Metra to close some stations, ban food and drink during NATO
A man pulls his luggage up the ramp to a waiting Metra train. | Joseph P. Meier~Sun-Times Media
The CTA will reroute 10 buses during the NATO Summit, but the agency says it’s ready to take on Metra riders displaced by service disruptions on the Electric Line and also drivers who might ditch their cars in anticipation of heavy traffic.
“We are prepared for the NATO weekend not only in terms of the reroutes, but in terms of the additional service we expect will be required for the weekend,” CTA spokesman Brian Steele said. “In addition to NATO, we have the Crosstown Classic — Cubs and Sox at Wrigley Field — so we have additional service in place for both the bus and rail side to accommodate the expected higher ridership.”
The following buses are being rerouted for all or a portion of the weekend due to street closures for public gatherings: No. 3 King Drive; No. 4 Cottage Grove; No. 6 Jackson Park Express; No. 10 Museum of Science & Industry; No. 12 Roosevelt, No. 18 16th/18th, No. 14 Jeffery Express, No. 21 Cermak, No. 35 35th, and No. 146 Inner Drive/Michigan Express.
But the CTA plans no other service disruptions, including on the Green Line L, which runs just west of the summit site.
The transit agency will not have additional security screening throughout the weekend, but there will be additional security details at some locations.
Updated: June 18, 2012 8:26AM
Walking into a Metra station during NATO weekend might be a bit like walking into Soldier Field: No beverages, no backpacks and no weapons.
That means no morning coffee during your May 21 commute, patdowns and other security measures the U.S. Secret Service doesn’t want to disclose.
Metra announced its plans Friday to step up security for the NATO Summit — including closing 26 stations on the Electric Line on Monday to focus security on stations with higher ridership.
At the Millennium Station downtown, riders reacted to the news their commute to work on May 21 will be fouled up.
Renee Jackson, 50, of South Shore, learned her Electric Line station will be closed that day.
“I can catch a bus, but still my bus goes downtown on Lake Shore Drive (which will be closed from 39th to Balbo), so it’s still going to be affected; and I just started my job so I can’t take a vacation day,” Jackson said.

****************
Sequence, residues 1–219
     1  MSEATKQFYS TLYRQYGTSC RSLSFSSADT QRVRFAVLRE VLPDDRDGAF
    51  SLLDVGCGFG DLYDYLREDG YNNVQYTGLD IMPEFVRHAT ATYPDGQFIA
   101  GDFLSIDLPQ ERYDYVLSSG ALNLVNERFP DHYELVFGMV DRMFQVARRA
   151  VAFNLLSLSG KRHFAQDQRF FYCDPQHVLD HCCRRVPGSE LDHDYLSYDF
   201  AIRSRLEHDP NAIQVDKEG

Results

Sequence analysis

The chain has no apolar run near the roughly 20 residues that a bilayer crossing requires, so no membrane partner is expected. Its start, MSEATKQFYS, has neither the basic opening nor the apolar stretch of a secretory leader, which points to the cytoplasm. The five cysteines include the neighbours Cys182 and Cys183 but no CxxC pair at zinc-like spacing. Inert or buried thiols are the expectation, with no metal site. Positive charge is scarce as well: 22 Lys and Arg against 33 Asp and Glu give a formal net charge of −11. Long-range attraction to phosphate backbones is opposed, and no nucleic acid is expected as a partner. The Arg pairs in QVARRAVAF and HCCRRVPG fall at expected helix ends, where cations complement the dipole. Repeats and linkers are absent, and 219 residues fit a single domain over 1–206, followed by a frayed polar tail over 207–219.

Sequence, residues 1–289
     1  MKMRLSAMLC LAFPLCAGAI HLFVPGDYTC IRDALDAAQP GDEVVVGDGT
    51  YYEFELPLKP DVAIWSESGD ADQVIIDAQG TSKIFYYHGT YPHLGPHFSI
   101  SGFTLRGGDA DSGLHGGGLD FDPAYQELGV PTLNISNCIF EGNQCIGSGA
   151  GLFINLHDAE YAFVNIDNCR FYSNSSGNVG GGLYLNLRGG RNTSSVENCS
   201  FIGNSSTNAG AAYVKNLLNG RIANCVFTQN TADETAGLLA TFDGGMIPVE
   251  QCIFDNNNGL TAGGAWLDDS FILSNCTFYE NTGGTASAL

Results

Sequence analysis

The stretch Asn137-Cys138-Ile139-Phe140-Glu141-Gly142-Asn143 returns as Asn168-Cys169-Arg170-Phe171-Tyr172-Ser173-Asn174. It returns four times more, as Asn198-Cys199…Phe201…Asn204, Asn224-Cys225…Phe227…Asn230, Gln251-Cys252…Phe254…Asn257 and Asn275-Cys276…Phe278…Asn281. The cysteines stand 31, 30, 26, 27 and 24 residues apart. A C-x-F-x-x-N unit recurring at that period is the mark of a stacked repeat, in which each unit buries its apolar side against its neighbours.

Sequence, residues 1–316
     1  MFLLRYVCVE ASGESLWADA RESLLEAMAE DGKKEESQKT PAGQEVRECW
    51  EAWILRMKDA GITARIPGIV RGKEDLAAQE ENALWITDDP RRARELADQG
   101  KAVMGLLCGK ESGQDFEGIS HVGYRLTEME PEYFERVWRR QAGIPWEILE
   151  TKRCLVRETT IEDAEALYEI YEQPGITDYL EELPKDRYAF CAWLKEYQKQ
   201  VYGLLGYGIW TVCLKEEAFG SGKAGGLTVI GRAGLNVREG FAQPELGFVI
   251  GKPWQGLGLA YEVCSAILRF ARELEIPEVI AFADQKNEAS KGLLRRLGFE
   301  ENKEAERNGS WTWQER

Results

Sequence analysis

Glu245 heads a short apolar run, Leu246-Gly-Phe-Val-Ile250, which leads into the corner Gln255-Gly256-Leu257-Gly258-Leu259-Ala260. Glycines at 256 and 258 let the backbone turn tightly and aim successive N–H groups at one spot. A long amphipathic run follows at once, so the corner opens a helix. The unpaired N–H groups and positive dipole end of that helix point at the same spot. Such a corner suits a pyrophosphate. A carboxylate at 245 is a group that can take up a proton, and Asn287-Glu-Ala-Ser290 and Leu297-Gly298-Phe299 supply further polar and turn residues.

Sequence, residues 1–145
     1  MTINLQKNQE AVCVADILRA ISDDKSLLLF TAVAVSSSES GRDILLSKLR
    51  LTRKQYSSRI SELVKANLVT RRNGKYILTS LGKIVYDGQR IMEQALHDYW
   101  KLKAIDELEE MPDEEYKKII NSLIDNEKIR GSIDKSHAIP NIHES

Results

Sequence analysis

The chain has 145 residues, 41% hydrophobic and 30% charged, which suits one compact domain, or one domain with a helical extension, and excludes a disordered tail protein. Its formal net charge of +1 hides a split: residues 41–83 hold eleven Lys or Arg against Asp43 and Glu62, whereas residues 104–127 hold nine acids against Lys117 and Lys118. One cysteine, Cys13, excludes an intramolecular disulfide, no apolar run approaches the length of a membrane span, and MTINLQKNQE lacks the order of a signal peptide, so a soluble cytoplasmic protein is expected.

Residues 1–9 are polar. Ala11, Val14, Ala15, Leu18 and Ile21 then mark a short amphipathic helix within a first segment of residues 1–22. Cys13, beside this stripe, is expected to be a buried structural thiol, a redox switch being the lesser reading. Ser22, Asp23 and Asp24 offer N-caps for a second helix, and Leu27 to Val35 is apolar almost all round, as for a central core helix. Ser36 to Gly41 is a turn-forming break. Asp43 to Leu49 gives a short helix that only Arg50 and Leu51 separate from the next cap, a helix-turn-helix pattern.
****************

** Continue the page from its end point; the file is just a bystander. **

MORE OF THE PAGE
“It’s an inconvenience, but what can you do?” she said.
Cesar Mark, 42, rides the Electric Line to and from Hyde Park every day. His station will be closed, too.
“I get on at 47th (Street), so that’s going to affect my route. I have to get to another station in Hyde Park. That’s going to be my only hurdle.
“I don’t mind the extra security at all. I think it’s what they have to do to keep us safe.”
Metra said 90 percent of its trips won’t be affected: Regular service will be offered on 10 of 11 lines — all but the Electric Line, which runs under McCormick Place, the site of the summit.
The Blue Island branch of the Electric Line will be shut down entirely May 21.
That news doesn’t make for happy riders at the Blue Island station, including Nora McGann of Hyde Park, who visits a Blue Island doctor.
“I have a doctor’s appointment I won’t be able to go to,” McGann said. “I don’t drive so (taking the Electric Line) is the only way there.
“It’s going to mess up lives.”
Blue Island resident Ann James agreed.
“It’s going to be a lot of confusion around here.”
Tom Gurskis of Blue Island said “it’s imposing on civil rights.
“It’s like the rich going, ‘You’re imposing on our meeting.’ We’re like leftovers. It’s wrong. It’s like they have that NATO Summit and we have to revolve around them.”
In addition to the Blue Island branch closing, no inbound Electric Line trains at all will run between noon and 6 p.m. May 21. The NATO Summit ends at noon, but the transit agency wanted to allow for extra time should it not end exactly on time. Outbound service won’t be affected.
The plan was announced just days before the summit, but the agency says it’s posting fliers at all stations and providing information on its website, metrarail.com, for affected riders.
Amtrak and the South Shore Line also run trains under McCormick Place. Amtrak plans no cancellations during the summit. The Northern Indiana Commuter Transportation District, which operates the South Shore from Chicago to South Bend, Ind., said no trains will be canceled or rerouted, though riders should expect “significant security-related delays” during the summit.
Five Metra Electric stations — 47th Street, 27th Street, McCormick Place, 18th Street and Museum Campus/11th Street — will be closed from Saturday to May 21. Twenty-one other stations will be closed on May 21 only: 111th Street, 107th Street, 103rd Street, 95th Street, 91st Street, 87th Street, 83rd Street, 79th Street, 75th Street, 63rd Street, Blue Island, Burr Oak, Ashland, Racine, West Pullman, Stewart Ridge, State Street, 87th Street, Cheltenham, Windsor Park and Bryn Mawr.